German experts want search engines to be monitored
Google too powerful?
German experts at a Berlin seminar this week argued that search engines need to be more regulated. They want companies such as Google, Microsoft, and Yahoo! to exercise editorial control over their search results and filter out sites with x-rated content or that glorify aggression.
"Mechanisms have to be developed to deal with illegal content and to protect children online," Marcel Machill, a lecturer in journalism at Germany's Leipzig and Dortmund universities, told the Search Enginge Workshop run by the Friedrich Ebert Foundation this week.
"Even if not targeted directly, browsing, surfing, or following suggestions from search engines may lead to material containing unwanted, troublesome, offensive, as well as surprising or amusing material. To be able to profit from this opportunity, while still allowing for the protection of children and for selective approaches to information gathering and communication, is one of the most important tasks in further developing the internet."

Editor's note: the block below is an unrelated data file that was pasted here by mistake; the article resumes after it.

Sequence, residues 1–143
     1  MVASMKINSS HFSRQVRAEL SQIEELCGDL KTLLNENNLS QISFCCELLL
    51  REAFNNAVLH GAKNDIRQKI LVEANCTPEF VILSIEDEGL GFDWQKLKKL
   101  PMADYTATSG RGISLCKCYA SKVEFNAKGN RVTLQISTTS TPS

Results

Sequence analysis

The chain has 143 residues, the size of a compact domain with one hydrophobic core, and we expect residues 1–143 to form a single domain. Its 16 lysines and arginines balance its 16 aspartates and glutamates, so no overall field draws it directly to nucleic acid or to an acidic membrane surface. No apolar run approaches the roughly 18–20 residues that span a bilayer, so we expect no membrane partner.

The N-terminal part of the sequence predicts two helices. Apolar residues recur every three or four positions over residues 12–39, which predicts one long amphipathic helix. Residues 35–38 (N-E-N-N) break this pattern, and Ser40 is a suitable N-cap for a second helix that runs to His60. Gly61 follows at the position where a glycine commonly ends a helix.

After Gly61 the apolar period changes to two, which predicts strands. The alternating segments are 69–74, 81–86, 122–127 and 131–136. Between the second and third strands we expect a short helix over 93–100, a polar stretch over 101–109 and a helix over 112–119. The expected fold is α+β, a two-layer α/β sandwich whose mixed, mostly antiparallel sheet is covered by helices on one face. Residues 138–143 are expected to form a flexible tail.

However, Norbert Schneider, director of the North Rhine Westphalia state media institute, believes a voluntary obligation to filter sites amounts to nothing more than a "weak regulation without any sanctions".
Machill is also clearly troubled by the strong market position of some of the search engines. Google already accounts for 90 per cent of German web searches. In the classic media sector this kind of concentration would be absurd, he says.
"It is important not to let this power develop unnoticed." Machill hopes that Germany will establish a public corporation to build its own search engine with "editorial responsibility" to compete with Google.
Google public relations head Rachel Whetstone retaliated this week that "we are neither newspaper nor a broadcasting company, all we do is apply an algorithm". She says Google doesn't want to find itself in a position where it has to decide on what people may or may not see. However, she also says Google adheres to local laws when determining what results appear. ®